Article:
The fate of the Binghamton Mets (Class AA; Eastern League) could be clearer this week, as an April 30 court date could free owners to sell the franchise or uphold a purchase agreement with Main Street Baseball and Clark Minker.
Main Street Baseball and Clark Minker were granted a temporary restraining order earlier this month, halting B-Mets owners from discussing the sale of the team to another buyer. Their legal argument: Main Street Baseball and Clark Minker had been negotiating the purchase of the B-Mets and entered into a purchase agreement, with a legally binding letter of intent as well as $100,000 in escrow. But the B-Mets owners failed to follow through on the purchase agreement, and two days after it expired they announced the sale to another party, who would keep the team in town. Main Street Baseball and Minker were issued a temporary restraining order barring the sale of the team; that TRO was extended once and currently runs through April 30, the date of the hearing before Judge David Hurd in U.S. District Court Northern District of New York.
Since those filings, Beacon Sports, a named defendant in the lawsuit, which had represented the B-Mets owners in this sale and previous negotiations to Ryan-Sanders Baseball, who were seeking to move the team to Ottawa, has backed the B-Mets’ legal argument with a nine-page filing, per Press Connects:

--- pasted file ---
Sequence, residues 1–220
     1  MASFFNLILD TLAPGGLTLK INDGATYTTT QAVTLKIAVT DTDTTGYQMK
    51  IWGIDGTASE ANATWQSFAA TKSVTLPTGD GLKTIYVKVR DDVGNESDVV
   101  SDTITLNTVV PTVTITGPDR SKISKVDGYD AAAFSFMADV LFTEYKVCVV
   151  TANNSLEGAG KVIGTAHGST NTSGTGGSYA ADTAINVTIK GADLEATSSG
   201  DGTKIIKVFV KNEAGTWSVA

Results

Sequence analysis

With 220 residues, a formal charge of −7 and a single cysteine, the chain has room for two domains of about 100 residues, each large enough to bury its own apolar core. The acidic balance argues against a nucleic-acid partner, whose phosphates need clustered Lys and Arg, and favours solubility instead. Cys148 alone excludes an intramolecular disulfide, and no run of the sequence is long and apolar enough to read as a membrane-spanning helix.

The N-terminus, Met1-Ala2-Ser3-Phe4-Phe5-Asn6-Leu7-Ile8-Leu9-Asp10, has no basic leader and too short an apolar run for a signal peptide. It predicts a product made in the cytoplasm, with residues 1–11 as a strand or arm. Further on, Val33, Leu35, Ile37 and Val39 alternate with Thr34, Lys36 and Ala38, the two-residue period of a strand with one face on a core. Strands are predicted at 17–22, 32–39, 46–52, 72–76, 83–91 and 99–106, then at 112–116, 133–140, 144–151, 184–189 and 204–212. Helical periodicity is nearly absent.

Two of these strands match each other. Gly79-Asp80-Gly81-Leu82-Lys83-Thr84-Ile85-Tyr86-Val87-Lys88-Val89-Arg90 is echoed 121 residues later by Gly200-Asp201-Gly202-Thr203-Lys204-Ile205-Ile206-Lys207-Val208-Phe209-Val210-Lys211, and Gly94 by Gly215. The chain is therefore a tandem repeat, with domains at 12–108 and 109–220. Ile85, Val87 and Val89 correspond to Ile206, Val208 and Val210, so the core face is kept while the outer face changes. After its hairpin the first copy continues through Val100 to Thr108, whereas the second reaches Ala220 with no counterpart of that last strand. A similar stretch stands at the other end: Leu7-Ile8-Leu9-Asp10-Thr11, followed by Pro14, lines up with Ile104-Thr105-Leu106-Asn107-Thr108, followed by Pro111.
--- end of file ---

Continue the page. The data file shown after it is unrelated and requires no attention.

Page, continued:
Beacon Sports Capital Partners of Needham, Massachusetts, responded Friday to a breach of contract suit filed by Main Street Baseball, a Florida-based minor league baseball ownership group. Beacon Sports said it sided with the B-Mets’ claim that an initial letter of intent was merely a starting point for negotiations, not an ironclad contract to sell the franchise.
The nine-page response denies virtually every breach of contract claim made by Main Street Baseball, which claims to have had an enforceable contract to buy the Binghamton Double-A franchise and relocate it to Wilmington, Delaware.
“The letter of intent terminated after the parties failed to execute an asset purchase agreement, and the parties have no further obligation to each other,” according to the nine-page document filed with the United States District Court for the Northern District of New York.